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RICHADA

RICHADA

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If my reviews entertain, amuse or brighten your moment in any way, then my task is done! ++ If you like this site and want it to survive, better yet, thrive, then read and rate. Otherwise carry on publishing, not reading and rating and it will die. R. ++

Reviews written

since 20/06/2004

304

The Meeting Place, Brighton 28/05/2016

OH WE DO LIKE TO BE BESIDE THE SEA SIDE!

The Meeting Place, Brighton WHERE IN THE WORLD? This time we are right here on the English south coast, in our home city of Brighton & Hove, a short, 55 minute train ride from Victoria Station in London. You are joining me, quite literally, at the sea-side for this one, any further south, without taking a walk on Brighton Pier, and you would be in the English Channel. WHY DID WE CHOOSE THE MEETING HOUSE CAFE IN BRIGHTON? At the top of Dyke Road Drive where it meets the A27 in Westdene is located the Hilltop Cafe, this is a lovely twenty minute walk from where we live, across green fields, and we have recently fallen into the habit of walking up there for breakfast on Sunday mornings. Brenda, the lovely lady who runs it, mentioned that the same owner has The Meeting House Cafe on the Brighton and Hove border; naturally we were curious to try it on a sunny day, last Sunday proved to be that day. We knew that we would not be eating rubbish as the basic ingredients used at the Hilltop Café are very good quality. LOCATION & ACCESSIBILITY: 13 / 15 The Meeting Place Cafe is ideally located on the Brighton and Hove border on the sea side of the Peace Statue, literally two steps from Brighton (or Hove) Beach and at the eastern extremity of Hove Lawns. The main A259 Sea Front, Kings Road, borders Hove Lawns and, if you are lucky, offers you somewhat expensive parking - £3.50 for an hour on Sunday morning when we were there. There are many buses using King’s Road, some travelling from as far away as ...

Volvo Polestar Performance Upgrade 21/05/2016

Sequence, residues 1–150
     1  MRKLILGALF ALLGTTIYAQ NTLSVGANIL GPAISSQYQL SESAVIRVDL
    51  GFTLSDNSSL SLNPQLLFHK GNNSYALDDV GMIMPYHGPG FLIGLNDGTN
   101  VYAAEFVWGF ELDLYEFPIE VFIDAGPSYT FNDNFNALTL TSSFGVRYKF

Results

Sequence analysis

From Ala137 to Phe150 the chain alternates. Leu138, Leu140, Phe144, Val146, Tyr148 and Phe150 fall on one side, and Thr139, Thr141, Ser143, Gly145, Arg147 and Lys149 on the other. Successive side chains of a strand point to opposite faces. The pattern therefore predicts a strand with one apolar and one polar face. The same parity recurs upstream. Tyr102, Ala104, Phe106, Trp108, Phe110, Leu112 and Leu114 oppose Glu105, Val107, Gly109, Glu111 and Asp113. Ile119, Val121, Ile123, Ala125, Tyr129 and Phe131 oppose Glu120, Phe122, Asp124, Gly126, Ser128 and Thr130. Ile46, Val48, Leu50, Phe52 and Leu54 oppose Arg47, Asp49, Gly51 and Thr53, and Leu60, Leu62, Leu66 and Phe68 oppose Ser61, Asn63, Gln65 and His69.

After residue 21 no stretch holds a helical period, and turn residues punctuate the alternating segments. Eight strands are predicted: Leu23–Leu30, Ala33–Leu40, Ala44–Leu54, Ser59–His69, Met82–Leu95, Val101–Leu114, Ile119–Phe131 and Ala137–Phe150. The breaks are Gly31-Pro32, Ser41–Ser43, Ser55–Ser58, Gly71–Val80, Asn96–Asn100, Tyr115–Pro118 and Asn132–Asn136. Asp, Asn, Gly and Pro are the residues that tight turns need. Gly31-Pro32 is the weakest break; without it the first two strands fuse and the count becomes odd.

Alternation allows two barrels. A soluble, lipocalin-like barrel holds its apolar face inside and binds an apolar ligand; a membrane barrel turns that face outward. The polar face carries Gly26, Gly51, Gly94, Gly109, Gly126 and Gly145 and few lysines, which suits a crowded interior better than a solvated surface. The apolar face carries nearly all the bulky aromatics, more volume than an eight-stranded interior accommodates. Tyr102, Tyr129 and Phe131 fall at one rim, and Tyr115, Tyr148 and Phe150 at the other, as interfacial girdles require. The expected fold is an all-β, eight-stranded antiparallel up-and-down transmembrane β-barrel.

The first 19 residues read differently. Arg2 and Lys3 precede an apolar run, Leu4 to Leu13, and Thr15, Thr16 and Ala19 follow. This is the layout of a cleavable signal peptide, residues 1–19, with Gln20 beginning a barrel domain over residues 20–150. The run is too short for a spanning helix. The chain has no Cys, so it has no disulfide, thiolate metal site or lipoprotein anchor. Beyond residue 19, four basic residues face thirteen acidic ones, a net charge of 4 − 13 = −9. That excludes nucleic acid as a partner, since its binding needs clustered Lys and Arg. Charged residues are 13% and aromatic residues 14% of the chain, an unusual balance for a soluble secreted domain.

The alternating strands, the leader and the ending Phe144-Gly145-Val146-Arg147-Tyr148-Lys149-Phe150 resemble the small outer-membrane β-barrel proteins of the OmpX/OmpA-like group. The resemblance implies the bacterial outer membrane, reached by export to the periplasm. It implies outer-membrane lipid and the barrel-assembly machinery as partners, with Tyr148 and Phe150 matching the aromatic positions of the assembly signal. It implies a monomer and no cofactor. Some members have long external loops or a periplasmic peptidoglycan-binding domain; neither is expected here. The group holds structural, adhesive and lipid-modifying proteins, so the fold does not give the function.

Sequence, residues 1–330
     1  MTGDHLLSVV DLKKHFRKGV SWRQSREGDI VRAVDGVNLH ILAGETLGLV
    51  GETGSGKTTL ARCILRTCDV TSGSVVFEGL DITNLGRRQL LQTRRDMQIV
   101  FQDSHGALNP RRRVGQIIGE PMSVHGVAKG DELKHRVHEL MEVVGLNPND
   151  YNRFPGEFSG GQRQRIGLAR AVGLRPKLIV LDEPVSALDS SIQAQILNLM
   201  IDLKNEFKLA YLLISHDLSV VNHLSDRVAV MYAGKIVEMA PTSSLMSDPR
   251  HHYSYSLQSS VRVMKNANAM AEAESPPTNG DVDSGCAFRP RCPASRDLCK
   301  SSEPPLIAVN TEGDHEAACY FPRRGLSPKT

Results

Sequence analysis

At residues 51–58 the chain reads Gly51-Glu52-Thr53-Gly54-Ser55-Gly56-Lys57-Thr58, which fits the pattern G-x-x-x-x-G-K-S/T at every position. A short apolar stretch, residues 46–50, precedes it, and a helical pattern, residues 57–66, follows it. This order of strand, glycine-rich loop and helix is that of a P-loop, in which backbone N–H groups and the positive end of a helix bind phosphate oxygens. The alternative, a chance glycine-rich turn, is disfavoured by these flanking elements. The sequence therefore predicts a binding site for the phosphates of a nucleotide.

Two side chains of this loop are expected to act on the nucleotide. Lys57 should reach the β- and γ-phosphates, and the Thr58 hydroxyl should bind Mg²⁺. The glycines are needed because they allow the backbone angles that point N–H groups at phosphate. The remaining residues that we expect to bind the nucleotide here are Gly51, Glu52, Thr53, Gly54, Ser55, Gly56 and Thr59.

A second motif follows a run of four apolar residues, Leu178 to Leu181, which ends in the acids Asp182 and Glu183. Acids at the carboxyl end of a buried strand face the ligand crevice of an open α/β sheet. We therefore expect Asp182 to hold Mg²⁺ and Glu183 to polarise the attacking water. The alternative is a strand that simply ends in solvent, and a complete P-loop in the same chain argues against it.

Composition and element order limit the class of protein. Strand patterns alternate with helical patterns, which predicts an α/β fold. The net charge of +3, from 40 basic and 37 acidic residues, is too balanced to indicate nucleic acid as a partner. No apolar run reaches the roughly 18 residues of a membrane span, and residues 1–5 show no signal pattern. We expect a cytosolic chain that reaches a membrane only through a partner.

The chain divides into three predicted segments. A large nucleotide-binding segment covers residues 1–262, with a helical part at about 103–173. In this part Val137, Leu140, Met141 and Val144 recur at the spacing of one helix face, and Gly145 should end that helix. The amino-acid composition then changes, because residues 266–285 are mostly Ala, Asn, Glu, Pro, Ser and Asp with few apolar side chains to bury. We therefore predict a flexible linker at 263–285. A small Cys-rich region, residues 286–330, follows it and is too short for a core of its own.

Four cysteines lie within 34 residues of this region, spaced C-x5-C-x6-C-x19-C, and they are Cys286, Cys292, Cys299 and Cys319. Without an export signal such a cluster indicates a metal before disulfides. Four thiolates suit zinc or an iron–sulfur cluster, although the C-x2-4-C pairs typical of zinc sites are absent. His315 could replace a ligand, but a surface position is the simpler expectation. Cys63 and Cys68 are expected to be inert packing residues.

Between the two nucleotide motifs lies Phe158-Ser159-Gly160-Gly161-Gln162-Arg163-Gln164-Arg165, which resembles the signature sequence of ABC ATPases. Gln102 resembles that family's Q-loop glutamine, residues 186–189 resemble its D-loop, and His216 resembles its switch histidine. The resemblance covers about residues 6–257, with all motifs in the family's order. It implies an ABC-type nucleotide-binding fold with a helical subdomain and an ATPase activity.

POLESTARED OR POLEAXED?

Volvo Polestar Performance Upgrade “THINK OF THE MOST UNLIKELY BRAND OF CAR THAT YOU COULD IMAGINE ME DRIVING…….” ……Was how I emailed an old friend of mine earlier in the week. Since buying a Volvo XC60 in mid-January, I have spent the last four months almost learning how to drive again. Let me explain….. …..After over seven years with a superb, but in many ways surprisingly conventional Subaru Legacy, the Volvo XC60 has proven more of a sea change than I expected. Yes, it is a very different car visually, but it is the driving characteristics and modern gadgets such as the electric handbrake that have taken the most adapting to. For a start, unlike most XC60’s on the road, and indeed my Subaru, my particular XC60 does not have four wheel drive. In order to save me a fortune in tax over the coming years it is an ultra-low CO2, front wheel drive, D4 R-Design model, in spite of its fancy diamond cut alloy wheels and rear air diffuser, it actually has far more “go than show” in the performance department. In Volvo’s slightly odd engine line up, in the XC60, the new VEA D4 unit is the bottom of the range, it is however destined to be the largest engine offered in Volvo’s car range as the brilliant, but, theoretically, less efficient, five cylinder diesel is phased out over the next few years. In the new S, V and XC90 models this four cylinder unit is available with as much as 225bhp and 470Nm torque, to achieve that it has two turbochargers. Volvo are now staking their entire engine future on a single four ...

Sony Xperia Z2 18/05/2016

SONY XPERIA Z2 - IT WORKS!